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Tuesday, 22 October 2013 10:38

Sapphire Toxic R9 280X Toxic previewed

Written by Sanjin Rados

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Preview: R9 280X on meth

AMD recently introduced the “new” Radeon R9 280X graphics card and we all know that this is just a renamed HD 7970 GHz Edition which is based on the Tahiti XT chip.

We wonder how consumers would have reacted to a mere rebrand had it not been for AMD AIBs who actually did all the heavy lifting by coming up with interesting non-reference cards. Sapphire is no exception and we can say it did a very good job with the Toxic R9 280X.

As soon as we unpacked the card we were impressed by two things. First of all there’s the exciting Tri-X cooler which uses three sophisticated aerofoil section fans (a pair of 90mm fans with an 80mm fan in the center) and the huge heatsink intersected by 6mm, 8mm and 10mm heatpipes. This is clearly a very elaborate design.

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The second unique feature that caught out attention was the high factory overlock. At 1150MHz the Sapphire’s Toxic card is the fastest R9 280X to roll out so far. The reference GPU clock is 1000MHz, while the memory runs at 1500MHz. Sapphire also tinkered with memory clocks, but we’ll get round to that in our review.

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The stylish shroud is designed not only to look cool, but to manage the airflow over the card for the best possible cooling performance. At factory clocks, which are substantially higher than reference clocks, we saw the GPU go up to 76 degrees Celsius, which is a pretty good result for an overclocked GPU. What’s more, even when it heats up, the Toxic R9 280X does not get very loud.

Last week we tested the XFX DD R9 280X 1000M, which is more quiet, but it’s a reference clocked card. Once it’s overclocked to 1150MHz, it ends up louder.

R9 280X Sapphire gpuz load

The new cooler, along with a high performance 10-phase power management system and high quality components such as the Sapphire exclusive double sided Black Diamond chokes and long-life solid capacitors, enables the card to deliver stable higher power levels while keeping temperatures on the safe side.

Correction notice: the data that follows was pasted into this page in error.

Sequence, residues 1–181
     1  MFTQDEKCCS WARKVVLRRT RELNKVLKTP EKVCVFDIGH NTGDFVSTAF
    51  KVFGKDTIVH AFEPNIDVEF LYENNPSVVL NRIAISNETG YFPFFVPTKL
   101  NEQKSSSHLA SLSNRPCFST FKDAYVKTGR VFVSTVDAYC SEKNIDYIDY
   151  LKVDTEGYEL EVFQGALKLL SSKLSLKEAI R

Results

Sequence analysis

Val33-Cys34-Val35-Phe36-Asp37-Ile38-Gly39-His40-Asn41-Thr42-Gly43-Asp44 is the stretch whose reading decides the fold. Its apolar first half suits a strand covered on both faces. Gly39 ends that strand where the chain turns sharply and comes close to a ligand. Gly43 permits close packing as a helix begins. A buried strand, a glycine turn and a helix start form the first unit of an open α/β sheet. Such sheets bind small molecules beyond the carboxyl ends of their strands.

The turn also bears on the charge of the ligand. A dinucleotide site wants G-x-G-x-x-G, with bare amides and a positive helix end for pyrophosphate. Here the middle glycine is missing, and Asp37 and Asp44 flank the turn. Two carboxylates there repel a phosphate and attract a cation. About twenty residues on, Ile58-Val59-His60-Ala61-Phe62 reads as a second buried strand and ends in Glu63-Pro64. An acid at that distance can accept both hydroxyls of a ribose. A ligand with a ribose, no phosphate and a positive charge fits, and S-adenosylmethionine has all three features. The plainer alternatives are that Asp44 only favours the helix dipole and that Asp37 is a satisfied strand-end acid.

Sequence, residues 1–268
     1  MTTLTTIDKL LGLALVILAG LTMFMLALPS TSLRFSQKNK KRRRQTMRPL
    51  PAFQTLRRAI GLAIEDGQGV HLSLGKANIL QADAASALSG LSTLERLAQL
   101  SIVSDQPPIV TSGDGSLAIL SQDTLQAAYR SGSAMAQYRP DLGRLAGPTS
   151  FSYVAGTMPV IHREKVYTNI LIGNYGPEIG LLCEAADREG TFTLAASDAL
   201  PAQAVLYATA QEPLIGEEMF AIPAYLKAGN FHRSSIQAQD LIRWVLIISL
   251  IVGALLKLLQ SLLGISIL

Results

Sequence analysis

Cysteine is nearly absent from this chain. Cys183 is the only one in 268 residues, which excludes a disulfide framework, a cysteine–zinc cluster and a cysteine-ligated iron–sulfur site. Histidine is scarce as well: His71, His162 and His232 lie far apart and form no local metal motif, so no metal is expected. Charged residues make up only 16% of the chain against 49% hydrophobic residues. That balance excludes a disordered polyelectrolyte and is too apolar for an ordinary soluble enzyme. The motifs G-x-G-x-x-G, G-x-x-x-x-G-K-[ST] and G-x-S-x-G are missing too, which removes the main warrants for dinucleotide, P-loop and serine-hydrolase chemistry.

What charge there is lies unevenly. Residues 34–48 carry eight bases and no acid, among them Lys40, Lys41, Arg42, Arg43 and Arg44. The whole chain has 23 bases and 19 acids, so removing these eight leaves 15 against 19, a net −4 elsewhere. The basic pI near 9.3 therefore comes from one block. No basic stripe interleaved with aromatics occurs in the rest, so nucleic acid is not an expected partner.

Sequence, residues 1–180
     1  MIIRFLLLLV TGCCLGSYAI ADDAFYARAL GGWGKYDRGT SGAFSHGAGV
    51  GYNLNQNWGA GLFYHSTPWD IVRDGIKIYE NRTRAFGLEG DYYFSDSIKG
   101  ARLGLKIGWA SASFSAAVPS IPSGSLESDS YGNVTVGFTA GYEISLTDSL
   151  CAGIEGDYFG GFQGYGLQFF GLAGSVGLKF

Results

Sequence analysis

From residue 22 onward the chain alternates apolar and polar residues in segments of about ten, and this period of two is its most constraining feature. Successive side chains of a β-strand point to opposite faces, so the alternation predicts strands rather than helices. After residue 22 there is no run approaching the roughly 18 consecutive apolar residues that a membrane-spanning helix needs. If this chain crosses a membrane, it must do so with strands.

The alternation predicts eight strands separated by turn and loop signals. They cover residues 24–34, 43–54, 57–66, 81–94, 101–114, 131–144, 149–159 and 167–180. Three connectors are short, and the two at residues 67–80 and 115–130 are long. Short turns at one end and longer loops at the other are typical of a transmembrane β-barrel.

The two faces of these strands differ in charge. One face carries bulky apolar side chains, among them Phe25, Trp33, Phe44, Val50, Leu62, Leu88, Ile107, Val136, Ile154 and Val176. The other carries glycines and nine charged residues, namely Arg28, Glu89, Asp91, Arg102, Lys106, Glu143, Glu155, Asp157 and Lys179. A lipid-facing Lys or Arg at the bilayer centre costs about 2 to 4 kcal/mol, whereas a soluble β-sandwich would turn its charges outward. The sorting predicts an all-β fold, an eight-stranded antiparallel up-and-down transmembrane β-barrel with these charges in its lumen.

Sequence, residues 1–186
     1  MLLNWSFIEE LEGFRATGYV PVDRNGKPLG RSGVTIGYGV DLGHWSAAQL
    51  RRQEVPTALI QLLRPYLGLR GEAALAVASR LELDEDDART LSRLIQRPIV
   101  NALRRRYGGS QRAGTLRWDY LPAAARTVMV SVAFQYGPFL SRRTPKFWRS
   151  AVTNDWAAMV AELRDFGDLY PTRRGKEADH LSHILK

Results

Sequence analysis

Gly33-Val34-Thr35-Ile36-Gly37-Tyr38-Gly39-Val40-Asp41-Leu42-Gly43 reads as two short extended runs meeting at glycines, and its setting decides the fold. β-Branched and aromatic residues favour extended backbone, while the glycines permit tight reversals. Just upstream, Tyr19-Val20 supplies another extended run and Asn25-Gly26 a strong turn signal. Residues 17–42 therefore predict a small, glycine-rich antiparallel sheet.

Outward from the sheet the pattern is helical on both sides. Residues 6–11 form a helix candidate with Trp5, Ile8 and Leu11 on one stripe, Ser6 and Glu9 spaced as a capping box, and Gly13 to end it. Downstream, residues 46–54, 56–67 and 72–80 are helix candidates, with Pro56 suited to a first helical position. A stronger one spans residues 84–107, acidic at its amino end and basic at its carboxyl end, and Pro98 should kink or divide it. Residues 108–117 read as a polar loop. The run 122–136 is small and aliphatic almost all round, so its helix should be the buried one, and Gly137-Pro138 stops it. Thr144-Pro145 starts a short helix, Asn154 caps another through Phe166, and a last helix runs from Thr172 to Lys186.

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On the back side of the card you will find a nicely designed backplate. The cooler is oversized, it's bigger than the PCB, but at least it's a dual-slot design. The exact dimensions of the Toxic R9 280X card are 308(L)x113(W)x41(H) mm,

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The card will need two 8-pin power connectors for normal operation, but extra power is needed only for heavy overclocking, when you try to squeeze the last ounce of performance from the GPU. Sapphire's Toxic card is a beast - although it's already overclocked to 150MHz, we managed to push the clock up by another 100MHz, ending up at 1250MHz, or 25% more than the reference clock. We are confident that it is possible to hit even higher clocks, but this is just a preview and we'll give it another go later on.

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There is also a dual BIOS switch which provides compatibility with UEFI and non-UEFI systems.

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The back plate features one HDMI (with 3D), two mini-DisplayPorts, one single-Link DVI-D, and one dual-Link DVI-I.

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Although we didn't have time to run plenty of benchmarks, we decided to check out what the Toxic R9 280X can do in the Unigine Heaven tessellation test. Nvidia's GTX 770 is traditionally somewhat faster in this test and no HD 7970 or R9 280X card could come close, at least not until the Toxic R9 280X joined the party.

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Last modified on Tuesday, 22 October 2013 15:20
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